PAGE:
MARDEN: I've heard an American say that. I've committed a sin but not a crime. I can't remember who that was. Can you?

ED: No.

MARDEN: Someone famous. A famous American.

ED: I have no idea.

MARDEN: Do you know what I learnt from that accident?

ED: What?

MARDEN: It's so easy for things to go wrong even when you don't mean them to. You turn the wrong valve, you cut corners, miss out steps in a procedure, and then bang..someone dies, another goes blind….

ED: The whole incident was very… unfortunate.

MARDEN: You reckon?

ED: Yes.

MARDEN: Look after your son, Ed. You've only got one child.

FX: ED gets up and starts walking away.

ED: (Fading) You're really pushing your luck.

FX: ED quickly walks out of the room. There is the outdoor sounds of the rig and the whistle of the wind. ED runs up the stairs to the Radio Room. The door opens closes and then we no longer hear the outdoor sounds of the rig. ED addresses the radio operator.

ED: (a little out of breath) I want to make a personal call please.

FX: Sound of a number being dialled. It rings and then the voice of CYHTHIA on the answering machine.
CYNTHIA: Hi! Cynthia, Ed and Duane can't receive your call right now. If you leave your name and number after the beep, we'll get right back to you soon as we can.

ED: Duane, it's me Dad. Are you doing okay? I'm … I'm worried about you. Why aren't you at home? Are you at Judo? Next time Mom phones me, be sure to be there son. Okay. Love you all. Bye.

SC.7 EXT. At the well, on the rig floor. Loud sound of machinery with bangs and clangs. People calling out commands at one another every now and then.

BACKGROUND VOICE: Bring some more hose here…

BACKGROUND VOICE: Hey Fred, pick up a bit…

MARDEN: So this is it then.


MARDEN: The well. The focus. Look at this massive rig. The helicopter deck up there, all the engine rooms. There's a hundred and twelve of us on the Sea Warrior, with all our needs catered for, all the equipment, all the computers,… all of this for one single well!

(FX: MARDEN reaches out and snatches NAFISA's calculator)

NAFISA: Hey! Give me my calculator back.

MARDEN: Is it really yours?

NAFISA: You just snatched it from me!

BACKGROUND VOICE: Are the tongs secure?

MARDEN: I'm going to throw it down the well.

NAFISA: You wouldn't dare. It might break the camera they've just run in there.


MARDEN: Something new?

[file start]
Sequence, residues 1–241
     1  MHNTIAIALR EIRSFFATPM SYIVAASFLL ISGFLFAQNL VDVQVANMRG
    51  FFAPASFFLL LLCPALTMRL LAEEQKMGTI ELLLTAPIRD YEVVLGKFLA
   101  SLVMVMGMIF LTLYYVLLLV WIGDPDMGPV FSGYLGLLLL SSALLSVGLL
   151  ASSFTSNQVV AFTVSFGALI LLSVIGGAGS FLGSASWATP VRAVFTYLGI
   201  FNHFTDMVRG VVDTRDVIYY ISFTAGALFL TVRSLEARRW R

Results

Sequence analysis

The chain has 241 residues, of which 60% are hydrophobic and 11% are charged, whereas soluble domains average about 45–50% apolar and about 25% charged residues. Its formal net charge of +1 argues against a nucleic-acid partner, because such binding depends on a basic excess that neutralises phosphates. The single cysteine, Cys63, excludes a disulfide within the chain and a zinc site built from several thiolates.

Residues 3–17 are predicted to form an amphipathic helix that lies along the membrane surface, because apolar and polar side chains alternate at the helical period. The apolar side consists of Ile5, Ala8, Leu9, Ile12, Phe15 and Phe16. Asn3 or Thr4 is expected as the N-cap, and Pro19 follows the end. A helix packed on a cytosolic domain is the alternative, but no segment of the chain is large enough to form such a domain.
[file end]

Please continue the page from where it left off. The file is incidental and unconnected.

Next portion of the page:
NAFISA: It's a new camera designed to stand the extreme conditions down there. We'll be able to tell if it is an obstruction that's causing the reduced flow.

BACKGROUND VOICE: Move the chain..

MARDEN: Mmmm. Do you think there's a giant camera, filming us all, all of the time, year after year, recording everything we say and do.

NAFISA: You mean on the rig. For safety reasons.

MARDEN: No I mean all the time.

NAFISA: I don't know what you're talking about.

MARDEN: Would you like to see a film of yourself?

NAFISA: What do you mean? No.

MARDEN: You and poor Reeree the day her father died.

NAFISA: There's no such film.

MARDEN: You liked telling her everything. The two of you in the garden and all the facts coming from clever Nafisa. (he mimics a child's prissy voice) Your father is dead and floppy like a chicken before it's cooked….

NAFISA: Stop it.

MARDEN: (continuing) They're washing him now inside the house. I saw the men carrying towels and a white shroud. But they're not going to put him in the bathtub. They're going to put him on a bed. They'll press his tummy so all the pee and pooh comes out. Then they'll put him under the ground ….

NAFISA: Just stop it. Where do you know all this from?

MARDEN: I was there.

NAFISA: Liar. You can't have been.

FX: NAFISA starts to walk away and MARDEN's voice becomes fainter

MARDEN: …. all the worms will eat him….Then snakes will coil themselves around his bones….

FX: NAFISA opens the door to the cafeteria. The welcoming sounds and warmth of the cafeteria after the harshness of outdoors.

NAFISA: Des, when you were on the rig floor, did you notice a guy wearing a blue balaclava? Grey eyes, my height.

DES: No. Can't say I have.

NAFISA: He took my calculator!
DES: (amused) Aaaaa. Well maybe he needed it.

NAFISA: I told him to give it back but he didn't.

DES: (laughing) It'll turn up.

NAFISA: He said he'd throw it in the well.

DES: He was probably pulling your leg. Look, gotta go…

FX: DES's footsteps going away and the noises of the cafeteria become louder

NAFISA: (voice over) Marya wouldn't have put up with what was happening. Not with Des laughing at her, not with Marden who didn't make sense… Marya would have said, 'An oil rig is no place for a woman'. And I would have given her a lecture on how unambitious she was. All she ever wanted to do was get married! But she was nice to Reeree; Marya had patience for the misery next door. How bored I was with everyone who stayed put in one place, everyone who was stupid in Maths, … I didn't mean to hurt them, not really, but they must have found me cruel.